http://www.privacy.ca.gov/sheets/cis10securityfreeze.htm

Posted by: Monkey on March 15, 2006 at 7:43 PM | PERMALINK

I'm not particularly impressed that this application got through. There's nothing odd about using a cell-phone as your preferred contact - I do it routinely. And the 'false' address was his father's home. Where he probably used to live recently if he still has time for pranks like this. Even if not, there would be a last name match.

Would a thief know any of this information? No. So what's the point again?

Posted by: Dan Ryan on March 15, 2006 at 7:55 PM | PERMALINK

You would think with all the grief this industry is causing, a responsible lender could find a niche in the market.

Anybody know of one?

Posted by: Emma Zahn on March 15, 2006 at 7:58 PM | PERMALINK

Kevin,
Don't respond to Greenwald. It's as pointless to argue with left-wing fundamentalists as it is to argue with right-wing fundamentalists. According to him you were repeating GOP propoganda. That is just silly.

Posted by: gq on March 15, 2006 at 8:00 PM | PERMALINK

BTW, Feingold voted for Roberts. Why no outcry against that? Oh wait, people are good or bad based only on current positions...

Posted by: gq on March 15, 2006 at 8:08 PM | PERMALINK

At least his Dad knows how to get another credit card now.

Is there a politician out there that is trying to come up with a real solution? I'd like to be able to put my name on a list that required credit card applications to be filled out in person.

Posted by: B on March 15, 2006 at 8:08 PM | PERMALINK

What's the big deal about using a cell phone as the phone number on the application?

About 90% of people I know don't have landline phones anymore, because they live in different apartments all the time.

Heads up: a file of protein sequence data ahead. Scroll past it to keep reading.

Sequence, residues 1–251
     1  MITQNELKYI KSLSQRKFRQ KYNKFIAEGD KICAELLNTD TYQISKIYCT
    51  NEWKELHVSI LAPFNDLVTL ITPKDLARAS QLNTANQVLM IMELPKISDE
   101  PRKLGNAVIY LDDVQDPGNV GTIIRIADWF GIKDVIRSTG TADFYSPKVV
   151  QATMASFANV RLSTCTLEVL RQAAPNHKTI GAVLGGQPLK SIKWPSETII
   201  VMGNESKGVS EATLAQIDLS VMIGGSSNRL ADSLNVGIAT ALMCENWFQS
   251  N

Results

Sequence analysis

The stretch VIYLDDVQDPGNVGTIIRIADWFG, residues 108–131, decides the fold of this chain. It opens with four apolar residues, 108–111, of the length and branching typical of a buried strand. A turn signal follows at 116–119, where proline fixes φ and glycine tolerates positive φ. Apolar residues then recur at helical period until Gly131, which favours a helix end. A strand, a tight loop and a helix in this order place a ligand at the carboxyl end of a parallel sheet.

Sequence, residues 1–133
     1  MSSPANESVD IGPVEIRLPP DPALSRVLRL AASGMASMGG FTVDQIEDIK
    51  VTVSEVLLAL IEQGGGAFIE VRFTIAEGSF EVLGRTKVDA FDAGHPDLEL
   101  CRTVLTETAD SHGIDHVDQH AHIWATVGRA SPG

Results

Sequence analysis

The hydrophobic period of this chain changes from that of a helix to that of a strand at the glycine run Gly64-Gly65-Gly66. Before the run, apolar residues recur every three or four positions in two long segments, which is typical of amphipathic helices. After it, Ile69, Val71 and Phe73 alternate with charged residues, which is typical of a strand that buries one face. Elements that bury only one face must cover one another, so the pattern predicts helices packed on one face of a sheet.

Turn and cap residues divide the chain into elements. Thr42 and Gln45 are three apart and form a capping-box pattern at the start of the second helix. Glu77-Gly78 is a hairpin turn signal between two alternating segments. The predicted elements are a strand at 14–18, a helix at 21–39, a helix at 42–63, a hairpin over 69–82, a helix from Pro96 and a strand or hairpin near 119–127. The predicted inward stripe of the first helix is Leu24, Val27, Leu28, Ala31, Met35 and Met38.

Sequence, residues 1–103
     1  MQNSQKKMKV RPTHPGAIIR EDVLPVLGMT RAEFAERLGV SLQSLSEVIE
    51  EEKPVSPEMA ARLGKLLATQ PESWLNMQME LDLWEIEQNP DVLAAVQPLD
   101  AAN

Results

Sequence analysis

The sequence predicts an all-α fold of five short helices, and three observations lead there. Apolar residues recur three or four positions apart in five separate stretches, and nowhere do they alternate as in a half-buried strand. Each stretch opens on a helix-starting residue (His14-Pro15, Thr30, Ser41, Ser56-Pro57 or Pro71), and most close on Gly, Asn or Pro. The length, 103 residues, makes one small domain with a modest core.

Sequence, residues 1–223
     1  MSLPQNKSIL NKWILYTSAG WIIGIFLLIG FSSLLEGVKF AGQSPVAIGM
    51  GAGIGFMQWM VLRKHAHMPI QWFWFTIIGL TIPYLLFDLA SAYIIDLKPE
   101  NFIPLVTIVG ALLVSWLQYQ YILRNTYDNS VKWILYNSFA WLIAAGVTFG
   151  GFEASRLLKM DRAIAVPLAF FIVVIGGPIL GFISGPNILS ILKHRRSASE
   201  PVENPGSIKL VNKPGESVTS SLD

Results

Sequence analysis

Posted by: Cryptic Ned on March 15, 2006 at 8:36 PM | PERMALINK

Shred everything. Shredders are cheap and easy to use. Cross cuts work fine.

I have a case right now where some professional plaintiff bought a credit card debt from one of the big credit card companies. They sued my client. She claims that she never had a card with the big company. We have asked for anything with her signature. Maybe she signed on to something she forgot or maybe the debt involved some furniture she bought from a store. My client, however, is insistent. She thinks somebody took out a card in her name. At this point I don't have any reason to doubt her. It might take weeks for the other side to respond. It could happen to you.

As the guy up thread said, check your credit report often. Shred everything. Don't give out your social security number unless you really really know who you are dealing with. Whatever you do, don't respond to any online request for a verification of account information.

Posted by: Ron Byers on March 15, 2006 at 8:38 PM | PERMALINK

A few years back my wife received a credit card in the mail for which she had not replied. She did, however, recall receiving the offer a few months before, which she promptly tossed. After looking over the terms of the card, she decided it was worth having that particular card. So she called the number, and was told she could not activate the card because the phone number they had was different from ours. The person at the credit card company thought someone had fished the application out of the trash, and forgotten to change the address.